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 / 艺术与建筑
ArtAsiaPacific

ArtAsiaPacific 112 (Mar/Apr 2019)

For over 20 years, ArtAsiaPacific has been at the forefront of the powerful creative forces that shape contemporary art from Asia, the Pacific and the Middle East. Covering the latest in contemporary visual culture, ArtAsiaPacific is published in Hong Kong, with over 30 editorial desks worldwide. Our annual issue, the Almanac, is an alphabetical tour d'horizon of the 67-odd countries covered in ArtAsiaPacific, spanning Afghanistan to Vietnam. The Almanac also invites influential art world figures to comment on the major cutural events that have shaped the past 12 months. Now also available on the iPhone!

国家:
Hong Kong SAR China
语言:
English
出版商:
ArtAsiaPacific Holdings Ltd
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5 期号

本期

4
digital terrestrials

“Artists suffer aftereffects of the feebleminded media and the computerized media … Artists are shifting their task to communication, using Third Materials produced by all sorts of industries.” This 1969 quote by Japanese artist Yoshida Minoru (1935–2010) eerily foreshadows the eruption of digital technology since the 1990s. It also reflects our increasing reliance on machines to assist, replace and help us understand ourselves. Given that artists—and those whom Yoshida describes as agents of alternative, anti-capitalist energy—are often at the forefront of change, he suggests that the critique of and obsession with human interaction, especially in relation to computers and forms of artificial intelligence, lie at the root of contemporary art practices. In our Essay section, artist, scholar and curator Nina Horisaki-Christens draws parallels between Yoshida’s works from the late 20th century…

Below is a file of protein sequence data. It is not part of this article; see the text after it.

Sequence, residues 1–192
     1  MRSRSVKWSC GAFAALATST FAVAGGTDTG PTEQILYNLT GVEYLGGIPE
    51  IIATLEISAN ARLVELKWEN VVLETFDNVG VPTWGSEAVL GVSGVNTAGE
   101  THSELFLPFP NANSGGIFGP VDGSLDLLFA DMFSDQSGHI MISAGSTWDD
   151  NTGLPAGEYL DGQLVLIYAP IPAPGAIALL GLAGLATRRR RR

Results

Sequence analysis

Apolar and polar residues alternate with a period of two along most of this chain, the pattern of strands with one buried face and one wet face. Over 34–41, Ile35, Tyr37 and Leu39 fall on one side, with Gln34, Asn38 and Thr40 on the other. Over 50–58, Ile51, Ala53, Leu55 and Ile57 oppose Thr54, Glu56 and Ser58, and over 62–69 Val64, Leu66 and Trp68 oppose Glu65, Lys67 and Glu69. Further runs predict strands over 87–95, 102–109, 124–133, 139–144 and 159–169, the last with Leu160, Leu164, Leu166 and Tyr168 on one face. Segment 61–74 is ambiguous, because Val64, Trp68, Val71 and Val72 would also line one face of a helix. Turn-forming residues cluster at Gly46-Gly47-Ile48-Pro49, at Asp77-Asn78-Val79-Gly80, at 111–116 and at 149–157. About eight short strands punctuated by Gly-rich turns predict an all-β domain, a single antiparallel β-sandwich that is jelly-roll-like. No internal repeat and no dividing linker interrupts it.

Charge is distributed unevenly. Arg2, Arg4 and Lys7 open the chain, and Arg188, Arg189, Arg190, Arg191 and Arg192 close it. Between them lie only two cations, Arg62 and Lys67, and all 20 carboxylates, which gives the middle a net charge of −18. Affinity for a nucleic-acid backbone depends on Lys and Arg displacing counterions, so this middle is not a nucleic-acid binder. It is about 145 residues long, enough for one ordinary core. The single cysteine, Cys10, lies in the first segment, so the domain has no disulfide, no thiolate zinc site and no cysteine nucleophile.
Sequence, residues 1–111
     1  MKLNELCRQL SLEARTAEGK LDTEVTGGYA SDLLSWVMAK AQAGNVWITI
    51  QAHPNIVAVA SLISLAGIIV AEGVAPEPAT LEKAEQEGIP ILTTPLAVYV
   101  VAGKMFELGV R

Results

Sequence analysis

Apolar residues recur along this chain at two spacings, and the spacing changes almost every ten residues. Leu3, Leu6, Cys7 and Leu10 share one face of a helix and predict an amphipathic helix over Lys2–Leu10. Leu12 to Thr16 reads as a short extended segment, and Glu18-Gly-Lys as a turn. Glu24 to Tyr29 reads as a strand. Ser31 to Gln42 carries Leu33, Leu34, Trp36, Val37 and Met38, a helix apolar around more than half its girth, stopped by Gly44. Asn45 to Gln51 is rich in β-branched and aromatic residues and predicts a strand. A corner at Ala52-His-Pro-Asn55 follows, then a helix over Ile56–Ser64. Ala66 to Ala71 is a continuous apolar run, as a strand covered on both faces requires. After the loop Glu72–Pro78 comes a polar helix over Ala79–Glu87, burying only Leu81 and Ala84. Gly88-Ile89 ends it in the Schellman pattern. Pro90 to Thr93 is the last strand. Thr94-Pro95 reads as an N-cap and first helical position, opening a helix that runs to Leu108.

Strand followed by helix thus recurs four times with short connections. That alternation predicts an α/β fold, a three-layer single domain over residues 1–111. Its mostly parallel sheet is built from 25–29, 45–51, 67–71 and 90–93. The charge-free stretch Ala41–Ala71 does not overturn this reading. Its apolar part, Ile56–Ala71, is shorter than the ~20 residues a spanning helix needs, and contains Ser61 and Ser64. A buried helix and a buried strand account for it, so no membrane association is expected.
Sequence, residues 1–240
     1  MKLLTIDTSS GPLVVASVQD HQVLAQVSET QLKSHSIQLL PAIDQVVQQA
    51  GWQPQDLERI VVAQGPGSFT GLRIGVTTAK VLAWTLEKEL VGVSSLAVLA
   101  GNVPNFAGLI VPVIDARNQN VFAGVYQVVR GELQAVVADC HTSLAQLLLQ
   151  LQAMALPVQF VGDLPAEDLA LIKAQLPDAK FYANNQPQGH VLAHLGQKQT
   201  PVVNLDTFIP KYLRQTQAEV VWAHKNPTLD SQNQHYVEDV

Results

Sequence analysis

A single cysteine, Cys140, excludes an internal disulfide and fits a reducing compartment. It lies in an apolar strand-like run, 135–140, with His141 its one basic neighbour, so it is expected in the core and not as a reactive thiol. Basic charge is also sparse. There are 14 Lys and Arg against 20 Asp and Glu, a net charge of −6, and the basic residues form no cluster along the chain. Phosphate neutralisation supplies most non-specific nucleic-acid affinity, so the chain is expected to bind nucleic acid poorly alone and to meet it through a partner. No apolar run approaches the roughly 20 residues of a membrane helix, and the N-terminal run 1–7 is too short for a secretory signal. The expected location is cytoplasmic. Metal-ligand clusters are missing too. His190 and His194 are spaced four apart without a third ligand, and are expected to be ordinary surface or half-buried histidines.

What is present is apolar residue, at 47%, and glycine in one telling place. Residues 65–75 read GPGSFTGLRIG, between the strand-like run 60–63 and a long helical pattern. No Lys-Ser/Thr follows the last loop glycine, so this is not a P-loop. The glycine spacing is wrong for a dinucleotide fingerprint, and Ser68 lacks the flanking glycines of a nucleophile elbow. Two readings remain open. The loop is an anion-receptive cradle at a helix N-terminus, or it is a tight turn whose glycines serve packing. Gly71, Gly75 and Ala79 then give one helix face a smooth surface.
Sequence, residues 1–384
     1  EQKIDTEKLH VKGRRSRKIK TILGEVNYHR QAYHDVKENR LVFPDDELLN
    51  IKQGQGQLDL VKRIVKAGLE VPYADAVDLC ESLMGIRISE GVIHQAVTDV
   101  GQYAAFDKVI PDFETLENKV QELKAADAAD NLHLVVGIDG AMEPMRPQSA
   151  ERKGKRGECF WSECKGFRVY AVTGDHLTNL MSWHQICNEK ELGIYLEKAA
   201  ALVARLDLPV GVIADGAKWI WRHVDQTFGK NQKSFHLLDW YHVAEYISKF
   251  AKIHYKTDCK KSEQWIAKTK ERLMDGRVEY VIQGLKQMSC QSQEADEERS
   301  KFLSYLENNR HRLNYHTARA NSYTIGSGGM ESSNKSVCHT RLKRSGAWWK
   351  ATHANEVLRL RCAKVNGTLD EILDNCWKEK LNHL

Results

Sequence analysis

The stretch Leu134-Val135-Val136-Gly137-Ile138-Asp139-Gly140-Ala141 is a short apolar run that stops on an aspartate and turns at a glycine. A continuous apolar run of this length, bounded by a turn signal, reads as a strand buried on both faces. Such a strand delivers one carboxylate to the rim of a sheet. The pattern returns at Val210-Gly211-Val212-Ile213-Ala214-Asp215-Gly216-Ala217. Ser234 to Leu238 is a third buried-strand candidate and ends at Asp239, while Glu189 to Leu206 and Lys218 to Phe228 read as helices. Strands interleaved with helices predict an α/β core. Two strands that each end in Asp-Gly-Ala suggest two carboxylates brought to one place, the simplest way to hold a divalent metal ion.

2
contributors

WILFRED CHAN Wilfred Chan is a writer and photographer based in New York. He is a co-founding editor of Hong Kong art and culture magazine Still / Loud, and a former writer at Splinter and CNN. (See BOOK REVIEW) NINA HORISAKI-CHRISTENS Nina Horisaki-Christens is an independent curator and art historian based in Tokyo and New York. She is currently a PhD candidate at Columbia University and a visiting researcher at Tokyo’s Sophia University, researching Japanese video art of the 1970s. She has contributed to publications produced by Art Tower Mito, Mori Art Museum, Whitney Museum of American Art, Independent Curators International and Hyperallergic. (See ESSAYS) MEREDITH KIRK Meredith Kirk is the assistant vice president and director of the New York-based art advisory firm Art Agency, Partners. Since joining the firm in 2017, her primary focus…

4
ellen pau on danny yung